Your Vice is a Locked Room and Only I Have the Key calls to mind what Orson Welles said of Paper Moon – “That title is so good, you shouldn’t even make the picture, you should just release the title!” For the first twenty or thirty minutes of Your Vice, I thought Welles’ advice especially apt. People keep dying in grisly ways around Oliviero (Luigi Pistilli), a failed writer who’s nonetheless held onto a pretty great mansion and is plenty creepy enough to be a rather obvious suspect. He regularly hosts parties for hippies as a way to amuse himself, feel connected to the kids, and provide a public platform from which he can get off on abusing his wife, Irina (Anita Strindberg). She’s timid, trapped in a hellish marriage, and genuinely terrified of Oliviero’s late mother’s cat (in her defense, the cat is named Satan). Oliviero has sort of a hang-up on his mother all around that teeters between sexual and haunted.
Complicating matters, Oliviero’s niece Floriana (Edwige Fenech) has picked just the worst time to come visit, what with the murders and all. But what can you do? You can’t say no to family. Meeting her aunt and uncle at the train station, but arriving via sportscar, Floriana is immediately set up as the sort of sexual free spirit Oliviero likes to have around, with a bit more bite and determination than the wishy-washy young women he’s used to seeing undress in front of him. This means, at least at first, no sex for Oliviero, though she’s more than happy to go to bed with Irina and a dirt-bike-racing stud who comes around now and again. While Pistilli and Strindberg made for compelling enough monsters, it’s Fenech’s cool calm that brings the film a much-needed dynamic, a counterbalance and a more palatable hook amidst the scheming and screaming.
Loosely based on Edgar Allen Poe’s short story “The Black Cat,” Your Vice boasts a very Poesque sense of irony and what-goes-around-comes-around karma, condensing any sense of horror or tension into a handful of gory thrills. When people die, they die bad. What compelled me was less wondering where Oliviero was or what he was truly up to, but whether the women’s more sympathetic manners might conceal something more sinister. Floriana in particular carries herself with a disarming confidence that could be either an exploitative screenwriter’s wet dream or a genuinely otherworldly presence mean to signal doom on all who touch her. Her gaze seems to never break, her poise at once rigid and lithe.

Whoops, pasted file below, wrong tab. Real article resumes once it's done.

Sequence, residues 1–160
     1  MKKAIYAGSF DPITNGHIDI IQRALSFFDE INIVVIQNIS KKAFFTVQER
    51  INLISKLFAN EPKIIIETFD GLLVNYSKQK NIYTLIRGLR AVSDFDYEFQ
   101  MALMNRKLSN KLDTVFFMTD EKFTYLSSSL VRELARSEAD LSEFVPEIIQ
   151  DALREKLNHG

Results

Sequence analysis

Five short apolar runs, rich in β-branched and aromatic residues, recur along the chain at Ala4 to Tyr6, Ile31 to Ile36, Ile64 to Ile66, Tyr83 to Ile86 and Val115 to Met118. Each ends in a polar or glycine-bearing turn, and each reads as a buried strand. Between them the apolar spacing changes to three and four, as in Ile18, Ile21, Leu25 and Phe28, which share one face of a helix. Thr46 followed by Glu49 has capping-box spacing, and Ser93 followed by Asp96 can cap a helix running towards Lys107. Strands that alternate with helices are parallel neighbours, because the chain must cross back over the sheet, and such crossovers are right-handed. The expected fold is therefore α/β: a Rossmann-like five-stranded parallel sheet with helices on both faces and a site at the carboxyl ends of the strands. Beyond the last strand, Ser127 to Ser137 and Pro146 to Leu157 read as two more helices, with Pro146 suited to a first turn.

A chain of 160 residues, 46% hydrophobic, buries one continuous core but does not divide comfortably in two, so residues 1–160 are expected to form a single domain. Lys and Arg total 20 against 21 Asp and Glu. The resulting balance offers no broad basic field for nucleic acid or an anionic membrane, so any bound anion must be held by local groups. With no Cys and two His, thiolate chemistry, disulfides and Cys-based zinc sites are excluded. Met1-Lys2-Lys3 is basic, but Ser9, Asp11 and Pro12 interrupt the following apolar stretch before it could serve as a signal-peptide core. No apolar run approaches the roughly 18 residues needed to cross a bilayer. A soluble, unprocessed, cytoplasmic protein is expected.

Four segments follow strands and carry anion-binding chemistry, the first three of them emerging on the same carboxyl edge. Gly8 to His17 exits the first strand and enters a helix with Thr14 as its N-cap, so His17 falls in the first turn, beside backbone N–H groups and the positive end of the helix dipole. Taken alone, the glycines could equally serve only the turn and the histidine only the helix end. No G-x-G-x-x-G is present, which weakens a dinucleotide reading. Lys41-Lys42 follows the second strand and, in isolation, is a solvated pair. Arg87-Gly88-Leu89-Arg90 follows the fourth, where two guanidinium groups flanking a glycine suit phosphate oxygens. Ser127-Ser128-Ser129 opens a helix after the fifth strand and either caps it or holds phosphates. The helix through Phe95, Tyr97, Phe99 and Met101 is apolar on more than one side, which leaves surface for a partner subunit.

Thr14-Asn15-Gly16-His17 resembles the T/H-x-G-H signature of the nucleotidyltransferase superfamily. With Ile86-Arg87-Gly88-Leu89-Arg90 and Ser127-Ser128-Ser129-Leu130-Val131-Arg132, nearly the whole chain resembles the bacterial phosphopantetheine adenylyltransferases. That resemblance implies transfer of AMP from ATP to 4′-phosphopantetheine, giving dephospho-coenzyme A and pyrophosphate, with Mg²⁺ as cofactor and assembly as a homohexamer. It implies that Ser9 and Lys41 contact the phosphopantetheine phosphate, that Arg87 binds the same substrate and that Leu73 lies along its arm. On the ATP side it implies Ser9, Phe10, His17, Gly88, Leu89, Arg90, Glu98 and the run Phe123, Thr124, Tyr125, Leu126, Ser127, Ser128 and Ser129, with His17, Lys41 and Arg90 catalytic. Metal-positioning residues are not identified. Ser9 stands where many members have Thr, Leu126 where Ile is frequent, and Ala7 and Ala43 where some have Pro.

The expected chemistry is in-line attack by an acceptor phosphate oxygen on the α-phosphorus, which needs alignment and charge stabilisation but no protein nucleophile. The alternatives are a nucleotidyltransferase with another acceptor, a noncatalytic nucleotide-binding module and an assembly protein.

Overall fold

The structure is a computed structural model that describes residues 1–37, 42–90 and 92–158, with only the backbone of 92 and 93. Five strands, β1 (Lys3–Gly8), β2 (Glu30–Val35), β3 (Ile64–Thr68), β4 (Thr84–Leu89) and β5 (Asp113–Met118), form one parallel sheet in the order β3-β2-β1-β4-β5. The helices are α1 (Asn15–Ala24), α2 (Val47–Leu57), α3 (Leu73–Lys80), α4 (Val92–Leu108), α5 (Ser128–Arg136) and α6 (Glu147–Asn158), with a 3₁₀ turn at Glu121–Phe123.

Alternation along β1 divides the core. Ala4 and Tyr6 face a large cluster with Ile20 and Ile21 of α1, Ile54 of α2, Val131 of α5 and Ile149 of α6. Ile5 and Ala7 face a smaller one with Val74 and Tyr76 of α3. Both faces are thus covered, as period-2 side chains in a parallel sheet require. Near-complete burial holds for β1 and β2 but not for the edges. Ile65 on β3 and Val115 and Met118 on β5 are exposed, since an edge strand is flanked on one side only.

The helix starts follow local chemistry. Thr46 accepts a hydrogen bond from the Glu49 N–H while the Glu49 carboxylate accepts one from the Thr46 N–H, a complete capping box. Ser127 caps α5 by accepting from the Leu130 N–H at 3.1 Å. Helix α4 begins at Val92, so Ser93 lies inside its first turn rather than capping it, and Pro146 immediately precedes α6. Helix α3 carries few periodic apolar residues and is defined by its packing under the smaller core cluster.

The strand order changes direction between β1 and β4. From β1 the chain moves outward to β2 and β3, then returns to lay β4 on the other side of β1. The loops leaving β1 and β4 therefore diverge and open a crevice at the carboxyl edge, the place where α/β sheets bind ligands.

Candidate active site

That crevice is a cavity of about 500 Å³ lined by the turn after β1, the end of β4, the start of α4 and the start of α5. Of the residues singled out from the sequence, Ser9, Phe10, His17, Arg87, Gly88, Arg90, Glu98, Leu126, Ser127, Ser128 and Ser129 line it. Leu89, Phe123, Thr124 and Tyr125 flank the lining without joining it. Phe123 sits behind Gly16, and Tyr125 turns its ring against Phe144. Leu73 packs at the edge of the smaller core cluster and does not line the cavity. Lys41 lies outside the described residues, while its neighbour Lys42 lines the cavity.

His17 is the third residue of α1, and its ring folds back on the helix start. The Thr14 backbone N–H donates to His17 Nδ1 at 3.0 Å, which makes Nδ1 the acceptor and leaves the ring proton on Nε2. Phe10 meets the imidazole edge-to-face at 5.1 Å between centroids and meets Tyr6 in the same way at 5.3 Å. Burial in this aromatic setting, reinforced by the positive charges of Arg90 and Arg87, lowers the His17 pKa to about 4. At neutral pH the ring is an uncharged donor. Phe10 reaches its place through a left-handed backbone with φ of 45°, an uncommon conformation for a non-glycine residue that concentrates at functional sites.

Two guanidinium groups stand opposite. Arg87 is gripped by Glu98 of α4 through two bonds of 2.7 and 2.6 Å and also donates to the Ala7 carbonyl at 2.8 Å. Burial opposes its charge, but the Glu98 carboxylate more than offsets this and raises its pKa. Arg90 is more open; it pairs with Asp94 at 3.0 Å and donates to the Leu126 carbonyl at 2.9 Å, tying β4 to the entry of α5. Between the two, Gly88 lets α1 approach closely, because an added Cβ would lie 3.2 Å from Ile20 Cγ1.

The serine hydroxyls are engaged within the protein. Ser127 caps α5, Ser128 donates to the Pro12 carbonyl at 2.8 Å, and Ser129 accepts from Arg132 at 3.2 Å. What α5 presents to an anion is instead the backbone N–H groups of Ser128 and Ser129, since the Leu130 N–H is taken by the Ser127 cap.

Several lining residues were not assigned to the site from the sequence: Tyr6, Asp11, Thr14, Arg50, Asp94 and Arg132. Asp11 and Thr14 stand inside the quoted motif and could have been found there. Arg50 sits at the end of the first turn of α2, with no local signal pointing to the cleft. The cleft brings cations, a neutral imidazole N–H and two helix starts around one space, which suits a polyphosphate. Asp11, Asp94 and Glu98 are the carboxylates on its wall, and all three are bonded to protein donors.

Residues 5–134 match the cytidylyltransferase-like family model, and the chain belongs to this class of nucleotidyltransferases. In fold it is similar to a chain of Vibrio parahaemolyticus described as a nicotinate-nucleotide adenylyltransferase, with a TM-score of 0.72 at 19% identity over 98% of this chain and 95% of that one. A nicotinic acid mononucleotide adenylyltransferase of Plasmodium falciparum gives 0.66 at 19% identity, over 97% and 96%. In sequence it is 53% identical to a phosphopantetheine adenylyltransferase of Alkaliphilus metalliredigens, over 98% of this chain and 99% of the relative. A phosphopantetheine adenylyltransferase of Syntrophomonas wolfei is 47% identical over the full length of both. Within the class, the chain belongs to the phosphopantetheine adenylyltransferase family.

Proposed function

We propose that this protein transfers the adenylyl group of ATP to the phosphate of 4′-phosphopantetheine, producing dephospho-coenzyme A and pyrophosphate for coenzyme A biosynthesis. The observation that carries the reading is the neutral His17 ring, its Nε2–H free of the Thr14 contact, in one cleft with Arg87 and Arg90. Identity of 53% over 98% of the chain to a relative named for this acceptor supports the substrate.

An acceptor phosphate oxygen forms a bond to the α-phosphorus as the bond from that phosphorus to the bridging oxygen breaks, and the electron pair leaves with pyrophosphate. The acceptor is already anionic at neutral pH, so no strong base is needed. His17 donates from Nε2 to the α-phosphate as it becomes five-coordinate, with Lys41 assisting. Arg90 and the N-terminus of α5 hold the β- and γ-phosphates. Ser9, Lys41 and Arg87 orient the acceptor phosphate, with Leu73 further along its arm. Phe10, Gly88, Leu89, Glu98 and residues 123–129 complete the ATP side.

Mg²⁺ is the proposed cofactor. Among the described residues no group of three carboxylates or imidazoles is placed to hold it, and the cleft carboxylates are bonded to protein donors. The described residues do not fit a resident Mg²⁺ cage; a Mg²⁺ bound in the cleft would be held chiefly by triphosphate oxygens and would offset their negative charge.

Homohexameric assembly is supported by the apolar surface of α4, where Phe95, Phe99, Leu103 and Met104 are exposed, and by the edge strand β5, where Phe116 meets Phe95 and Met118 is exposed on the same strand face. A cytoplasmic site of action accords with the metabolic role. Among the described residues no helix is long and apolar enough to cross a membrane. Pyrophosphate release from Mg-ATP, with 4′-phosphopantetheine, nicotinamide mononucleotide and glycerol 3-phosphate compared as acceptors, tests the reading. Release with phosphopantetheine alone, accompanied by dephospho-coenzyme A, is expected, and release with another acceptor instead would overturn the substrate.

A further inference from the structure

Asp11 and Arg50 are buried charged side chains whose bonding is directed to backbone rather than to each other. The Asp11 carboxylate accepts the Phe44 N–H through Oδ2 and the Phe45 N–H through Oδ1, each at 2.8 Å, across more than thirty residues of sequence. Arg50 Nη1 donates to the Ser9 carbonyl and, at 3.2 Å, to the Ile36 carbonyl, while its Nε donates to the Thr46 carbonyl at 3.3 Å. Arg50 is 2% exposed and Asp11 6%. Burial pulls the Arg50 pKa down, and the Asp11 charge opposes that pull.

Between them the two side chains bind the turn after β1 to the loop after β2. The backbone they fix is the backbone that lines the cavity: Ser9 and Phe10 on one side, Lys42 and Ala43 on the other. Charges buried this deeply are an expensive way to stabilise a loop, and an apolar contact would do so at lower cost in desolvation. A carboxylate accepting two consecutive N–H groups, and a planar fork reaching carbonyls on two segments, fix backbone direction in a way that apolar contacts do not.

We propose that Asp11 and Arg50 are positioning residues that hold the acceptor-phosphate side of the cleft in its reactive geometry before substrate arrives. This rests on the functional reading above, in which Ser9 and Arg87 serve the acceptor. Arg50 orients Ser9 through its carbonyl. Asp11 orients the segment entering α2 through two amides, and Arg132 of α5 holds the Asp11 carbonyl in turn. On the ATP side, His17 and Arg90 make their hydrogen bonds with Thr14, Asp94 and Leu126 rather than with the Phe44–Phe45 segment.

Oliviero and Irina in some ways suffer most from navigating their repressed upbringing with the contemporary free love culture. Oliviero suffers amongst other lovers; Irina, within herself. If that’s something of a pat gender deconstruction, the eventual unveiling of Irina’s sexual potential complicates it a good deal, especially how her self-hatred manifests itself amidst her own lovers. And she is the only one sick enough to abuse an animal, should it come to it. However you want to interpret these relationships, Your Vice is a Locked Room and Only I Have the Key is one cool, sexy slice of psychological horror wrestling more sincerely with its ties to the past and enamoration with the present than most far-out freak shows.
Arrow brings the film to (region free!) Blu-ray in a brand new 2K restoration from the original camera negative that looks quite outstanding. It’s sharply-detailed, presents fine, thick grain structure and good depth, and enough contrast to hide in the shadows while not compressing the hell out of it. Skin tones are well-balanced, beautifully reflecting light. There’s some very minor intermediate damage in the form of white specks, but they don’t distract at all. Arrow has brought us another stunner. (screencaps via doblu.com)
The film comes with both Italian and English soundtracks; I preferred the Italian by a considerable margin. A 23-minute making-of featurette compiles interviews with director Sergio Martino, Fenech, and screenwriter Ernesto Gastaldi, and provides a good background on the film and its players. The video quality on the interviews suggest they were filmed some time ago, and the segments play out for quite awhile, so some of the pizzaz we’re used to in more recently-produced supplements isn’t quite there, but this provides more time for the subjects to tell stories and explore tangents. There’s also a more modern, 34-minute interview with Martino that’s naturally able to go further in-depth, especially into the context (social and cinematic) in which the film was made. A half-hour visual essay by Michael Mackenzie on Martino rounds out Martino’s aesthetic influence (but, per the advance warning, includes spoilers for a number of his films, so I only watched the section concerned with Your Vice; Mackenzie’s insights were fascinating, though), and a half-hour video piece with (a jarringly fish-eyed) Justin Harries gives some biographical information on Fenech in an uncommonly dynamic fashion. Also Eli Roth is interviewed for reasons; he’s not as insightful as the other contributors, but it’s a more worthwhile piece than you might expect if you’re, say, me.
I leapt at the chance to review this based solely on the title, and was rewarded with a far more haunting, interesting bit of near-exploitation than I could have expected. Stocked with beautiful, nasty people using and abusing one another, gorgeous cinematography, and a creepy score, Your Vice is a Locked Room and Only I Have the Key is flat-out awesome.